New York Democratic Rep. Alexandria Ocasio-Cortez on Monday unveiled new details on the so-called "Green New Deal" she plans to introduce in a matter of days, as she worked behind-the-scenes to rally congressional support for the proposal that could cost as much as $7 trillion.
Ocasio-Cortez, who is set to unveil the plan with Massachusetts Democratic Sen. Ed Markey, told her fellow representatives in a letter that the Green New Deal calls for a "national, social, industrial and economic mobilization at a scale not seen since World War II."
"Next week, we plan to release a resolution that outlines the scope and scale of the Green New Deal,” Ocasio-Cortez said in the letter, adding that the country's near-total economic transformation should take approximately ten years.
To raise awareness for the measure, Markey announced Monday he had invited Varshini Prakash, the co-founder of the Sunrise Movement environmentalist group, to be his guest at President Trump's State of the Union address Tuesday night. (Several other Democrats announced guests apparently intended to highlight their opposition to various Trump administration policies, while Trump himself extended invites to the family of a couple allegedly murdered by an illegal immigrant and a child bullied at school for having the last name "Trump.")
The Green New Deal proposal would lead to national net-zero greenhouse gas emissions, according to Ocasio-Cortez's letter, “through a fair and just transition for all communities and workers,” while also generating millions of “good, high-wage jobs." Details of the letter were first published by Bloomberg.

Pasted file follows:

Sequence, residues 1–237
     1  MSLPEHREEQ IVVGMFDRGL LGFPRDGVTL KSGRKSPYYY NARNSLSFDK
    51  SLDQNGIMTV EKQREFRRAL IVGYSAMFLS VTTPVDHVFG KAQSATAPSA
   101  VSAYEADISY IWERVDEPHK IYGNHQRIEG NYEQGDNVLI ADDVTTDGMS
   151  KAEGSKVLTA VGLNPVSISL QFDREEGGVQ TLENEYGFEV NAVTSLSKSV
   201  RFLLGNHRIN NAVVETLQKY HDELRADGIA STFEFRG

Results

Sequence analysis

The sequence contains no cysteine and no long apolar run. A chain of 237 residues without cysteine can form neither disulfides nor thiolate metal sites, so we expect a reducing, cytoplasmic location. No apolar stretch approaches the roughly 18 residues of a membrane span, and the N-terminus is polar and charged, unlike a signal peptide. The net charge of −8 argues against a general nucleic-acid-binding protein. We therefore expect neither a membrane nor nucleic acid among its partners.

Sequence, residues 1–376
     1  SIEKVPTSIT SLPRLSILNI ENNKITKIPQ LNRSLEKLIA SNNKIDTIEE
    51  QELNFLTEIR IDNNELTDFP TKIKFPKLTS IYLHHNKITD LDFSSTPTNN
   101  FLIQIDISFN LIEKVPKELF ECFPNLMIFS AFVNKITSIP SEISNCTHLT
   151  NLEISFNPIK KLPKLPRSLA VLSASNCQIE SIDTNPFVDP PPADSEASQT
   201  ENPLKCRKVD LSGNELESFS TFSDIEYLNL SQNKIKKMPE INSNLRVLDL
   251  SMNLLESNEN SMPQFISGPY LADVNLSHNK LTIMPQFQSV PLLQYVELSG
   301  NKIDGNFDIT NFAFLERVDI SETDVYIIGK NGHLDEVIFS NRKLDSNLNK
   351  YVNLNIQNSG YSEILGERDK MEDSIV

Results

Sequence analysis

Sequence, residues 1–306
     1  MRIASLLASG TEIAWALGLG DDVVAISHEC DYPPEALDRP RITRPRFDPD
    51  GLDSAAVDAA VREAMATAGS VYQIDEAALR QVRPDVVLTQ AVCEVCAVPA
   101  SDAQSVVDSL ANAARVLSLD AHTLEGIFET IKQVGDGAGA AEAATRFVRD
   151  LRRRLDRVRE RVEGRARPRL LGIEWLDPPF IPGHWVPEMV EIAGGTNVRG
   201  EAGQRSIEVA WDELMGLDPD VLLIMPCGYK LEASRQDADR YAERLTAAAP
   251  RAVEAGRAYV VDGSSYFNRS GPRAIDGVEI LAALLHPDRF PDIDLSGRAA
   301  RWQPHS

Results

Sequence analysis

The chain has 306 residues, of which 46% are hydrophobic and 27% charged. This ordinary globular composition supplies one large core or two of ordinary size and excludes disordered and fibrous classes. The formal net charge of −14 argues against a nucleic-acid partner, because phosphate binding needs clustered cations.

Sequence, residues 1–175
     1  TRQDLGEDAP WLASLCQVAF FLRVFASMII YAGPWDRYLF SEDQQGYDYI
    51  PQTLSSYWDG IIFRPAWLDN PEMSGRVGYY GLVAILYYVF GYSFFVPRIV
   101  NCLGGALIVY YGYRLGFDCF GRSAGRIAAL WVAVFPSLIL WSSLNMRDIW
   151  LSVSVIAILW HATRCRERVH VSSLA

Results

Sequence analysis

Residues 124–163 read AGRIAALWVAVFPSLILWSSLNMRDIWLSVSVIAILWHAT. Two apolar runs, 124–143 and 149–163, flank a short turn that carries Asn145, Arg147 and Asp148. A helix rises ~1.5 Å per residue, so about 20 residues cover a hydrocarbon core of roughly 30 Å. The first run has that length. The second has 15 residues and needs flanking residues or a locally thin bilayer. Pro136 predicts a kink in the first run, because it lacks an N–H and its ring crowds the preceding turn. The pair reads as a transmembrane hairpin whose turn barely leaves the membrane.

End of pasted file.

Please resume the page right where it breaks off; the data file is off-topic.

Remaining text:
Through it all, the Green New Deal would additionally “promote justice and equity by preventing current and repairing historic oppression to frontline and vulnerable communities," according to Ocasio-Cortez.
On Twitter Monday, Ocasio-Cortez reposted a claim from one of her advisers, Robert Hockett, arguing that "in this case, size matters" and that "the problems the Green New Deal addresses require solutions where bigger is better, imperative, and paraodixcally, more affordable."
Hockett is a lawyer and law professor, and is not an expert in environmental policy.
Several analysts, meanwhile, have cautioned that the liberal firebrand is in over her head, even though the as-yet vague and uncertain details about the Green New Deal render a precise calculation impossible at the moment. Physicist Christopher Clack told The Hill that the cost would easily be into the trillions.
“It’s a daunting task, and I’m not sure that the authors of the Green New Deal fully comprehend how much they’ll need,” Clack said.
Institute for Energy Research president Tom Pyle was more blunt: “One hundred percent renewable energy defies the laws of physics. It would be impossible to achieve.”
And Paul Bledsoe, a strategic adviser at the Progressive Policy Institute, said progressives were overcompensating. “I understand the value of aspirational goals,” Bledsoe said. “My personal view is, that undermines the credibility of the effort.”
Nevertheless, approximately 70 Democratic lawmakers have so far tentatively endorsed a Green New Deal plan, including Massachusetts Sen. Elizabeth Warren and California Democratic Sen. Kamala Harris.